Find a good buyer representative who is able to counsel with you and be able to send you listings in your comfort zone. If you have further questions, please give me a call at 571-722-4348 ~ Janet
0 votes Thank Flag Link Sun Oct 3, 2010
Obvioulsy it will depend on the current asking price vs. the comps. It's not realistic to assume that anyone can get a ratified contract 10-15% below the list price just becasue it's a "buyer's market".

Be careful when looking at recent sales information on Trulia. I've seen some cases where comps that are 5 years old have been used as "recent'!
Web Reference: http://www.jimmccowan.com
0 votes Thank Flag Link Sun Oct 3, 2010
Hi there - it very much depends on whether the home is priced correctly. At 2 months on the market, unless the price has been adjusted, it is overpriced. You do your best to price a home based on comparable sales but the real answer to whether you have it right comes once the home is listed. If a home does not attract visits - price needs to be adjusted. If the home attracts activity but no offers - the same is true. At the 2 month mark, if a price adjustment has not occurred I would say it is long overdue.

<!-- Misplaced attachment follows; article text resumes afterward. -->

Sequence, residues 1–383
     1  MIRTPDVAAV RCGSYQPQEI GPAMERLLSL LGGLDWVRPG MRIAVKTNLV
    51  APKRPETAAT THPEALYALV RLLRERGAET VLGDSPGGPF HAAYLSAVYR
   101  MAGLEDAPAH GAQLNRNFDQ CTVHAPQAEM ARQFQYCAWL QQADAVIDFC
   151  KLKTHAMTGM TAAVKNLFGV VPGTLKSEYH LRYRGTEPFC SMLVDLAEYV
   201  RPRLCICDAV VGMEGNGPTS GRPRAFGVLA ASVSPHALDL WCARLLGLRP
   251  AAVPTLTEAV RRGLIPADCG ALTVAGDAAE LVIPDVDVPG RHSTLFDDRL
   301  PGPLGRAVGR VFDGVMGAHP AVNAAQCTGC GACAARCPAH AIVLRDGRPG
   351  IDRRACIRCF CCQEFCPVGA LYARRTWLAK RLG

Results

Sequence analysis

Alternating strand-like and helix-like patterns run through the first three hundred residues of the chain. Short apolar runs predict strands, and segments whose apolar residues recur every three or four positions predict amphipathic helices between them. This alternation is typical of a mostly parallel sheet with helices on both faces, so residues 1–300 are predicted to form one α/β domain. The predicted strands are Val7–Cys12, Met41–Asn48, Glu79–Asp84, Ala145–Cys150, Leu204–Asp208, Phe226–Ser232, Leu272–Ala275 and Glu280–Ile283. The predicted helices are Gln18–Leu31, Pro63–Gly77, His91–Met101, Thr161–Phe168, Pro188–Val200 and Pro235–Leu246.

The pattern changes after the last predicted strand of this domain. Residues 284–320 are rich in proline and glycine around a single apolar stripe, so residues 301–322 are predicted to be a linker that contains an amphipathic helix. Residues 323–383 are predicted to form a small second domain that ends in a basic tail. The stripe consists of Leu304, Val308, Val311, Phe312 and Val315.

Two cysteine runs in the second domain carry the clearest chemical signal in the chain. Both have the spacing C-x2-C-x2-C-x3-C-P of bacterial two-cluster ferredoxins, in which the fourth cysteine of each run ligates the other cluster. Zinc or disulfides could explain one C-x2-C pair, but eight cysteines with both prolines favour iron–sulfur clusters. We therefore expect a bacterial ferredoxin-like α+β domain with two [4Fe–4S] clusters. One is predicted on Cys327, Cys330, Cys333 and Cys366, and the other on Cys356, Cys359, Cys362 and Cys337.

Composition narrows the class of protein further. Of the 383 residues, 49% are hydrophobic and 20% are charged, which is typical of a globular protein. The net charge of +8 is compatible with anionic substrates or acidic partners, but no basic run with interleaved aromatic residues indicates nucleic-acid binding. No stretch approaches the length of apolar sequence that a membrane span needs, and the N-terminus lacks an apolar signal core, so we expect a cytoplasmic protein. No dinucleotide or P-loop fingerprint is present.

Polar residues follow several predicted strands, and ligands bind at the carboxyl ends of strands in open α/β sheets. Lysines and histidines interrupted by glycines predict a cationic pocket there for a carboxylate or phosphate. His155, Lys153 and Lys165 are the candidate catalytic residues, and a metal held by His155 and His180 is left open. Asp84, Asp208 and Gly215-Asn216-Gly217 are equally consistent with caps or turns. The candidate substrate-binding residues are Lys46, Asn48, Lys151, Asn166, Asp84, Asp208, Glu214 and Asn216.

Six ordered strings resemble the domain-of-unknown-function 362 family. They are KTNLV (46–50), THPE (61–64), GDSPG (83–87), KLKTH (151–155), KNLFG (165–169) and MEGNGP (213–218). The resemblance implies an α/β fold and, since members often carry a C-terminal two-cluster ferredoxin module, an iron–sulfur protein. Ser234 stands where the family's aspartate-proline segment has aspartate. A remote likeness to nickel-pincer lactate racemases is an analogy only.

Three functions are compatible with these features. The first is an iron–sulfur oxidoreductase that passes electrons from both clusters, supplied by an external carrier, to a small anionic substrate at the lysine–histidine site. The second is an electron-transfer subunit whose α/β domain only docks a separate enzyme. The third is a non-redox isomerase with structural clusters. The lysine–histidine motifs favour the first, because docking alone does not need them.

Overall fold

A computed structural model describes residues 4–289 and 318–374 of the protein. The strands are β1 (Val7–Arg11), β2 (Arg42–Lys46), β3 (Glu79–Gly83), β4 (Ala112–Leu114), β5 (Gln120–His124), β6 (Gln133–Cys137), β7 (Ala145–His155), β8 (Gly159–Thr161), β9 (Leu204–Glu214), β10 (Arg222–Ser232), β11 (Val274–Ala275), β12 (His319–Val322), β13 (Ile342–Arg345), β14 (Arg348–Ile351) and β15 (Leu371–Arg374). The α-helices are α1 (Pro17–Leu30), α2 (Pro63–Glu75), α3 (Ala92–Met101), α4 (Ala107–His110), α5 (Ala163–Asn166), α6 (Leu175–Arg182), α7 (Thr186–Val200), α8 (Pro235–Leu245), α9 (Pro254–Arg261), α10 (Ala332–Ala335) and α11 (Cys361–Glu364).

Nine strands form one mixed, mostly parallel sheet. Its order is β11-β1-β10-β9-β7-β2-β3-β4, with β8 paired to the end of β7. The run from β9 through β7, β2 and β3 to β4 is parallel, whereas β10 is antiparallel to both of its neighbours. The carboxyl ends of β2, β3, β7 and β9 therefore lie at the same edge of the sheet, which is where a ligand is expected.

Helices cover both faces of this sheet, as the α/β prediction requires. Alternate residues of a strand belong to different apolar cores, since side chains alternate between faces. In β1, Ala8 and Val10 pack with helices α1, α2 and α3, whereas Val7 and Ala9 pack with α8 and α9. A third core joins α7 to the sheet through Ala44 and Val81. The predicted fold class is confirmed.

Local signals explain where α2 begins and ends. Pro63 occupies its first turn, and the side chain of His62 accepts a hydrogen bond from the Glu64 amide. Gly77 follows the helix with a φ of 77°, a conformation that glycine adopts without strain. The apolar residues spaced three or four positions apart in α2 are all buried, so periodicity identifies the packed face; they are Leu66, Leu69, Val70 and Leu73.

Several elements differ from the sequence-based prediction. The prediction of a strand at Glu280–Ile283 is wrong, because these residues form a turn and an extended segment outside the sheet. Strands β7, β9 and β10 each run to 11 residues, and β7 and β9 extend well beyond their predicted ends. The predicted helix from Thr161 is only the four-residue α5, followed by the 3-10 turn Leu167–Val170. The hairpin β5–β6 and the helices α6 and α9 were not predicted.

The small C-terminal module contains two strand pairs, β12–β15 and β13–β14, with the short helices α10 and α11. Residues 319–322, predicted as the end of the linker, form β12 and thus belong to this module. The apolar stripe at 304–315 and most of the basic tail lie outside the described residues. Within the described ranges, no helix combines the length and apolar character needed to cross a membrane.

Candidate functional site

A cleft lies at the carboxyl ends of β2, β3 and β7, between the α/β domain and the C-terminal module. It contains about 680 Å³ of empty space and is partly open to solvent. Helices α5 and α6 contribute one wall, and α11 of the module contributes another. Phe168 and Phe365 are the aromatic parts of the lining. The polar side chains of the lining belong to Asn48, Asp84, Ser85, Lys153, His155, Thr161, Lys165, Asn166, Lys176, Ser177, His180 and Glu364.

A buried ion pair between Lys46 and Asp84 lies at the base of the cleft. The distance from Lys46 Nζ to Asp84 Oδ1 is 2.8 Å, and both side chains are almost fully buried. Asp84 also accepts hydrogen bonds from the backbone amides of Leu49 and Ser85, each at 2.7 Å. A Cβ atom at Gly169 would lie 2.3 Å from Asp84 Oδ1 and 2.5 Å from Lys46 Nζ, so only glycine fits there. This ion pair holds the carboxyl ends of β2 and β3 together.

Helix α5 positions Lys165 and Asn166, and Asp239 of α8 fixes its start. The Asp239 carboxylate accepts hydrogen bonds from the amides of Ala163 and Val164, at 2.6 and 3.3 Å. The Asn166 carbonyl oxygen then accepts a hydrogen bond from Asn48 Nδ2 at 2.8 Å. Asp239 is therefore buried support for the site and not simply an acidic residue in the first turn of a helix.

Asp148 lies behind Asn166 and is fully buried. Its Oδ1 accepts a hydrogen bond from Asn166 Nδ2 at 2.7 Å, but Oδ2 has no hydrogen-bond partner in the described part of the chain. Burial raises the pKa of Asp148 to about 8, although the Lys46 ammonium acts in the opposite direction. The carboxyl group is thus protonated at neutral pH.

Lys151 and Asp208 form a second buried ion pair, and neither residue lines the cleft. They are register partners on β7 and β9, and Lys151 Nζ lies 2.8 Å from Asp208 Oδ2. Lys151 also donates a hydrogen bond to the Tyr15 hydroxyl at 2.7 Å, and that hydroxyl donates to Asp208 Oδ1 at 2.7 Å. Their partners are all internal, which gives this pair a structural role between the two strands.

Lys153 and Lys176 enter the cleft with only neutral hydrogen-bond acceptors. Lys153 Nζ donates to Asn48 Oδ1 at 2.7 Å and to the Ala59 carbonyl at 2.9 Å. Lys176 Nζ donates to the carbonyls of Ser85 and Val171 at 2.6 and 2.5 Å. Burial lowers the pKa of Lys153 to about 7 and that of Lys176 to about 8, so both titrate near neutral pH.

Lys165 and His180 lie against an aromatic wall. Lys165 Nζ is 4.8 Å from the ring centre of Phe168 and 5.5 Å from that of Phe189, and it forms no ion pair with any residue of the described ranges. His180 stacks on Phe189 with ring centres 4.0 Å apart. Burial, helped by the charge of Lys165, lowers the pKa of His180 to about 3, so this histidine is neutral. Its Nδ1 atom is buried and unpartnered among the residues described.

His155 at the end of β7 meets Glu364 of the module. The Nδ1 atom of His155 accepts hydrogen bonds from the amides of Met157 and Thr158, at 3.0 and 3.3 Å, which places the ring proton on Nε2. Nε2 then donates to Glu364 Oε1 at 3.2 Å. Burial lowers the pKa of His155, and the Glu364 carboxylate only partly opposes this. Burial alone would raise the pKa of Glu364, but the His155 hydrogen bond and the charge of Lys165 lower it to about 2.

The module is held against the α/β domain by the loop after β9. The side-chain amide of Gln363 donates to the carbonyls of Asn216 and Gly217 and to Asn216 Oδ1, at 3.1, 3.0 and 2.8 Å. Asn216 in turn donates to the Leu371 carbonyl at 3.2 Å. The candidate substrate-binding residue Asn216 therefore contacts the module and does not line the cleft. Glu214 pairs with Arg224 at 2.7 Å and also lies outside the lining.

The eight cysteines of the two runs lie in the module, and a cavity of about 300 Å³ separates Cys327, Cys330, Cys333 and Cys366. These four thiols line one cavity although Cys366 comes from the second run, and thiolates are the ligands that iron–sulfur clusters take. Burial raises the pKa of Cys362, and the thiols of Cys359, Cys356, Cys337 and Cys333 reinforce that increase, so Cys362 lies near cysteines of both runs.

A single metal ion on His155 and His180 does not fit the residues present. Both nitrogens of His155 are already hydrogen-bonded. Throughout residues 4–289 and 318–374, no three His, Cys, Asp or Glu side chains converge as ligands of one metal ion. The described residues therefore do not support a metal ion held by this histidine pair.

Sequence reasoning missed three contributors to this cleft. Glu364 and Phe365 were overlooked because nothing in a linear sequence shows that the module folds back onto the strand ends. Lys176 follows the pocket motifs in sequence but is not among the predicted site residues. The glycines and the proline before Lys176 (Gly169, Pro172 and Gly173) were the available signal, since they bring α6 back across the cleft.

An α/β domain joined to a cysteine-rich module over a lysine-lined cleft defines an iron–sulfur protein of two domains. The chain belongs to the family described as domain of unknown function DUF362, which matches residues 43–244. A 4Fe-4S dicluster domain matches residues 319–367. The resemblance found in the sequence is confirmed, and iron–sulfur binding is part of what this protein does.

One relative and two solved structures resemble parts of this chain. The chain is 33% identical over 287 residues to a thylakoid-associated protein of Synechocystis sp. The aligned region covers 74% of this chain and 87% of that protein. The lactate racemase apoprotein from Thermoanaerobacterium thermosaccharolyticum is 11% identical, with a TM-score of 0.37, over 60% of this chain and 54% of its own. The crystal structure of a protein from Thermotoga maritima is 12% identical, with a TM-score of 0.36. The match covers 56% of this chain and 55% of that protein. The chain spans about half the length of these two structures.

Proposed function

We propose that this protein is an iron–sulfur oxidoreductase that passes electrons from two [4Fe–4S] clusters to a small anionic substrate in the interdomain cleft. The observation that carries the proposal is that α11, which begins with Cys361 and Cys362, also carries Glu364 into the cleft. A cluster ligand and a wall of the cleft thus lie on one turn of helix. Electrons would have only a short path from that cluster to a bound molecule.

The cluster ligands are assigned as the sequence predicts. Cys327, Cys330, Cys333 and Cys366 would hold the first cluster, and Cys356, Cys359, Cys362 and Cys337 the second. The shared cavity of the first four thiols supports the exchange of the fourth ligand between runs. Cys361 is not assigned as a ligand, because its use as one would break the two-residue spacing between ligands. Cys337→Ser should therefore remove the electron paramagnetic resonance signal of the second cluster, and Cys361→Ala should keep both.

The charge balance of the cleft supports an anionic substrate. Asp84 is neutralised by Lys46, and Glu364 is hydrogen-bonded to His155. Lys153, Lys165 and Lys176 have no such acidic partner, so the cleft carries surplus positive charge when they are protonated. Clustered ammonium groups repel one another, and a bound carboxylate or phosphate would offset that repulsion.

Time on the market does affect value - particularly in a declining and/or sluggish market. But in most markets, it is taking longer than 2 months for homes to sell on average. In fact 5-6 months is considered "normal" or balanced, anything less a buyer's market, anything more a seller's market. But the fact is this, the excitement for any property diminishes greatly after the 45 - 60 day mark. Like you, most buyers are actively looking online, they are well educated, they know the inventory and pricing. While on average homes are not selling in most communitiies in their first 60 days on the market, it remains the most important time in the marketing program - the time of greatest excitement and interest - making overpricing during the initial period of the listing a big tactical mistake.